10 Surprising Credit Score Statistics You Don’t Want to Ignore

Credit Score Statistics
GUIDE
John Ulzheimer
By: John Ulzheimer
Posted: January 20, 2021
Our popular “How-To” series is for those who seek to improve their subprime credit rating. Our articles follow strict editorial guidelines.

Whether you have your heart set on a new rewards credit card, a mortgage loan, or some other type of financing, your credit score or scores will come into play when you fill out your application. Lenders use credit scores as a way to measure the risk of doing business with you, and to determine if loaning you money is a smart investment, or simply too risky.

Because credit scores matter so much to lenders, it’s always a wise move to pay attention to your own three-digit numbers. Knowing how your credit measures up relative to that of others can also be helpful. To that end, you’ll find this list of 10 surprising credit score statistics that you don’t want to ignore.

1. 65% Of the Points In Your FICO Score Have Nothing to Do With Whether You Pay Your Bills On Time

Full disclosure, this statistic is the hardest one for my father to grasp. He comes from an era where all you had to do was pay your bills on time, and you were golden. Times have certainly changed.

Don’t get me wrong. Paying your bills on time is a great habit where credit scores are concerned, and you’ll need to do well in the payment related categories to max out your FICO and VantageScore credit scores.

Yet, payment history is only worth around 35% of the points in your FICO scores. Approximately 65% of your credit score points come from other categories.

In reality, many factors influence FICO and VantageScore credit scores. These credit scoring factors fall neatly into the following five categories:

FICO Score Factors

Your credit utilization ratio, for example, is one part of the Amounts Owed category from your credit reports. If your credit report indicates that you’re using a large percentage of your credit card limits, it could hurt your credit scores.

The length of your credit history is another example of information that impacts your FICO and VantageScore credit scores. Having older accounts on your credit reports will benefit you.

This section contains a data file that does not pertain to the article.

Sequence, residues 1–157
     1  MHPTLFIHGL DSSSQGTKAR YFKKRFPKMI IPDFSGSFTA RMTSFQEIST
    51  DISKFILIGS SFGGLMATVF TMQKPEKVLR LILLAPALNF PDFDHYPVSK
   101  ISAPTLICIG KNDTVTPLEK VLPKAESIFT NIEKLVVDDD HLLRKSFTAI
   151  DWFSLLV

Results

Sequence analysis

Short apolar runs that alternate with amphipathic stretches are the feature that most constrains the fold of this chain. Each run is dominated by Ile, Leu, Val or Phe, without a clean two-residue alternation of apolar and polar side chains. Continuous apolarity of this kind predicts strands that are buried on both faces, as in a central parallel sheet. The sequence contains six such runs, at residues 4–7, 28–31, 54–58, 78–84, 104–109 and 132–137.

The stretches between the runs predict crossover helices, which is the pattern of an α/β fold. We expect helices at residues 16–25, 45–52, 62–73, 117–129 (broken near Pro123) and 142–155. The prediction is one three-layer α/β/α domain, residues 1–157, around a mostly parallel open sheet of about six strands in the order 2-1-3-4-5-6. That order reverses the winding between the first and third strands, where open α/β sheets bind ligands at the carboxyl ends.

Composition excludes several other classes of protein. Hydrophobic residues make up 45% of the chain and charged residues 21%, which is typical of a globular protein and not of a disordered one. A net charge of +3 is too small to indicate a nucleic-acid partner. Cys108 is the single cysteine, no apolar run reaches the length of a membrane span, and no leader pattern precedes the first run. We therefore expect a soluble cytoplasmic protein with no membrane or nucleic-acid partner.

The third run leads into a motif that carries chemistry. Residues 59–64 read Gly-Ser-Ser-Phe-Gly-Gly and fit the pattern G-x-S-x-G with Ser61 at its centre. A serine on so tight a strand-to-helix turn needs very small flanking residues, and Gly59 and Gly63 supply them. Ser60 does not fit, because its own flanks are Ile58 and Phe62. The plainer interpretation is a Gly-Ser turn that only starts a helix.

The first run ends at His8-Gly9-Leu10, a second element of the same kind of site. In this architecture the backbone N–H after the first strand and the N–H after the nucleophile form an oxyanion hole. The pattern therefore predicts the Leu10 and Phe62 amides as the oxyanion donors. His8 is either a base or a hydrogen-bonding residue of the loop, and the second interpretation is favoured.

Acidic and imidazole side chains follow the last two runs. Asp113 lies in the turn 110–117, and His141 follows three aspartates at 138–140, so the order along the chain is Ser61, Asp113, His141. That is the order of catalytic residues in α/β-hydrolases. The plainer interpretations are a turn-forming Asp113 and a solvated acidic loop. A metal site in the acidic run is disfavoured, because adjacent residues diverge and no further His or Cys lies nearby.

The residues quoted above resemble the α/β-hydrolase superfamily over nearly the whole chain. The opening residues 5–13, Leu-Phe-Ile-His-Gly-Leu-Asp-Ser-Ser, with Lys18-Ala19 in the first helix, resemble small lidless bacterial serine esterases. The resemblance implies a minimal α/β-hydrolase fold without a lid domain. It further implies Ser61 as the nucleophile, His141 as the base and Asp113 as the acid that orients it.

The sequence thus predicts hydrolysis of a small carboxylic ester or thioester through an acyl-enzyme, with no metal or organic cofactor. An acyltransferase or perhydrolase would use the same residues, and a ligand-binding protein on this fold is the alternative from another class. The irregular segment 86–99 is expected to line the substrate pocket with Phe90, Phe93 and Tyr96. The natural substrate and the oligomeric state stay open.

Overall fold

2. Most Americans Have Good Credit

It does take some effort to earn and maintain good credit scores. But, according to the credit bureau Experian, many Americans are actually quite good at doing so.

The credit bureau reports that 69% of consumers in the United States had a good credit score in 2020. The number of consumers with good credit has been on the rise as well. In 2019, only 66% of Americans were in the good credit score camp.

The definition of good credit can vary from one lender to the next. In general, a FICO score of 670 or higher is considered to be a good (or better) credit score range. Keep in mind, however, that what a lender considers to be good isn’t the same as where you rank nationally.

The average FICO credit score in 2020 was 711, which is an all-time high.

Good credit comes with many benefits. A good credit score may give you a better chance of qualifying when you apply for loans, credit cards, and more. Plus, you can often leverage a good credit score to secure lower interest rates, better borrowing terms, and more affordable insurance premiums.

3. The Average FICO Score Hit a Record High in 2020

Despite the obvious challenges of 2020, the average FICO score in the United States has been on the rise. In October of 2020, FICO reported that the average U.S. FICO score had climbed to an all-time high of 711, as previously mentioned.

 The Average FICO Score Hit a Record High in 2020

But, FICO scores don’t predict the future of the economy. A FICO score simply predicts the likelihood that an individual consumer will make a late payment (90 days late or worse) on a credit obligation in the next 24 months. That’s all credit scores are designed to do — nothing more, nothing less.

It may take some time before the financial strain of the pandemic starts to trickle down and affect consumer credit reports and FICO scores negatively. Government efforts to provide financial relief to consumers (including the CARES Act and the various stimulus payments) may also affect the timeline.

Of course, you can fully avoid negative information from hitting your credit reports by making at least your minimum payments each month. That way negative information will never become an issue for you and the average FICO score would continue to trend upward.

You should check your own credit reports to ensure they are void of negative information, which you can do for free each week at AnnualCreditReport.com.

4. An Estimated 9% of Credit Files Don’t Qualify For a FICO Score